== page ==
I’d been living the same day over and over for nine hundred and forty-one days before I turned to my co-worker and said, “Dude, Kevin, I have been living the same day over and over for nine hundred and forty-one days.”
Kevin didn’t look up from his desk. He nodded and said, “Yeah, man—me too.”
I touched his shoulder, something I never do, but I wanted him to know I was serious. I felt like crying, and he looked into my eyes. “No, Kevin, I have been living the same day for nine hundred and forty-one days. The sixth of March. This day. No matter what I do, nothing changes.”
Kevin looked at my hand and rolled back a bit in his chair, so I couldn’t reach him. “Yeah, man, lower your voice. I know. We all have. Don’t you read the news?”
I looked up over the edge of our cubicle and out the window. It was shitting rain, and someone honked outside. “But why this day? Why not a day with some adventure? Don’t you remember adventure, Kevin? That feeling like something might be different just around the corner?”
Kevin shrugged and went back to work, a few feet further from me. “Get over it, man,” he said. Our co-worker, Don, leaned over our cubicle wall. His breath stank of eucalyptus, and he coughed chunks of phlegm onto Kevin’s papers. “You think you’ve got it bad.” He laughed. “My wife is on the rag, man. My wife is on the rag.”
I left them to have a bagel in the breakroom. There were no onion bagels, so I snatched up the last cinnamon raisin bagel, and, as I brought it to my mouth, a breeze hit my nose. I looked down and saw that right there, in the hole of the bagel, there was a cold, blue and white light. I held it up to my face, and sure enough, it looked right onto a winter wonderland forest of deep green and virgin white. I checked around the back of the bagel and found it to be the same piece-of-shit kitchen that smelled of old Tupperware and whatever stuff of myth and hell they make office breakroom tables out of.
I sat down in a chair and peered back through the hole in the bagel. It was a beautiful forest, and the sky was vibrant with purples and oranges and greens. I poked my finger through the hole, and it came back chilly—it even had a little flake of the most perfect snow on it.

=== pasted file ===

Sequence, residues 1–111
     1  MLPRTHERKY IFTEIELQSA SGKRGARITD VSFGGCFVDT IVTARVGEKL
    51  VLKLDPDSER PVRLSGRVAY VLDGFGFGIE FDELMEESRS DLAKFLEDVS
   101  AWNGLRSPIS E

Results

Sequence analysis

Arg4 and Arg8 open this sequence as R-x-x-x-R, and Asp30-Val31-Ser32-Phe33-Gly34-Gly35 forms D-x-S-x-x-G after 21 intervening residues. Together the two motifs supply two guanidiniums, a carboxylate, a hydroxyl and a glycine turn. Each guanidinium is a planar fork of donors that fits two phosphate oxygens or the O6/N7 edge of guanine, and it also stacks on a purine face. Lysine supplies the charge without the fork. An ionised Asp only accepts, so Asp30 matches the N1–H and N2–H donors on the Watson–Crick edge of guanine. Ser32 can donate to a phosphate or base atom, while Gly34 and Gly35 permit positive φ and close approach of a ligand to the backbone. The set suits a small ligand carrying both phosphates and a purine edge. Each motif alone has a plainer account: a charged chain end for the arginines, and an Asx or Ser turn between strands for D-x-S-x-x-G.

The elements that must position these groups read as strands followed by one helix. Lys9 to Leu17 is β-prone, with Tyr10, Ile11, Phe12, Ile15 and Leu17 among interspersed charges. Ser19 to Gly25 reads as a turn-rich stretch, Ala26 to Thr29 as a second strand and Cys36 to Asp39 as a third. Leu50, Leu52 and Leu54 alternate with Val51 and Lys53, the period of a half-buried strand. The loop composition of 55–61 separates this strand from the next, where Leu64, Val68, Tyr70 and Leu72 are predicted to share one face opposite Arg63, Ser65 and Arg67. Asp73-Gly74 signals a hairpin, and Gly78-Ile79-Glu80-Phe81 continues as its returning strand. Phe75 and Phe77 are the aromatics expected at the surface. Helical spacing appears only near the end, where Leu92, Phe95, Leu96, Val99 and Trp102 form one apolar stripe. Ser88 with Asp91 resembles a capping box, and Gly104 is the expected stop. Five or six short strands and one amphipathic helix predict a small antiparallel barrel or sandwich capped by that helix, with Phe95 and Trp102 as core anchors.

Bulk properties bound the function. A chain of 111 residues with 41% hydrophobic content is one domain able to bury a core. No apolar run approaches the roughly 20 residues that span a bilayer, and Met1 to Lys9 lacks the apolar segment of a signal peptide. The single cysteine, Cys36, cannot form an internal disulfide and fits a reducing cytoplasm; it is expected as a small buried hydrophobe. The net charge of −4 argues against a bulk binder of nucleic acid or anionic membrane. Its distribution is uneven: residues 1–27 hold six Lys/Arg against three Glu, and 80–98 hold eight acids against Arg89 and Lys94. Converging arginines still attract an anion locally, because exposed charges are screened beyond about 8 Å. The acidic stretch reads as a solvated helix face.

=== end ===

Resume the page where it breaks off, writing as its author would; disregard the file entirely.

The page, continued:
“Hello!” someone called.
I looked in the bagel, and out of the trees popped a young man. The bottom half of his body was covered in fur. He had hooves and a sword at his waist—a centaur.
“Hello?” I called into the bagel.
The centaur turned and squinted at me.
“Hi! What are you doing?”
The centaur puffed out its chest and said, “I am looking for the chosen one.”
“Yes. A child of Earth.”
“I am a child of Earth,” I said.
The centaur frowned and moved closer to my bagel hole, or whatever it looked like, on his side. “How old are you?” he asked.
I scowled through the bagel and said, “Why does that matter?”
“No—no,” the centaur held up his hands. “Not meaning to offend. If you are the chosen one, can you come through? The Green Prince has taken over the lands and sits on your throne. His men have been chasing me, trying to keep me from finding you.”
My heart leaped. I stood up. “Yes! Yes! I am coming!” I stuck my finger into the bagel, and then two. Boy, was it cold in there. As I tried to fit a third finger in, the bagel began to break, and I panicked. I pulled my hand out and looked back through. The centaur was looking around him, hand on his sword.
“Hey! So, I can’t fit through this bagel! Is there another way I can get there?”
The centaur turned and smiled, “Yes, of course. But wait, what is a bage—” At that moment, a man on horseback flew by and decapitated the centaur. A droplet of blood flew out of the bagel and landed on my nose. Then, there was silence.
“Hello?” I called. No response came. “Hello? HEY! Who is there? Hey, tell me how to get there. I don’t give a shit about the Green Prince; just tell me how to get there! Hey, buddy on the horse? HEY BUDDY!”
But the man on horseback didn’t return.
I sat back in my chair and looked up. Jane from the legal department stood in the middle of our shit little office kitchen, watching me.
“Hey—uh, you all right?” she asked.
I buried my face in one hand and tried not to cry. I couldn’t think of anything to say. A moment later, Jane asked, “Hey—uh, is that the last cinnamon raisin bagel?”
I looked down at it, cracked a bit from where I’d tried to get in. I nodded.
“Can I have it?” she asked.
I held it out to her.
She took a bite and said, “Some kind of day we’re having, huh?”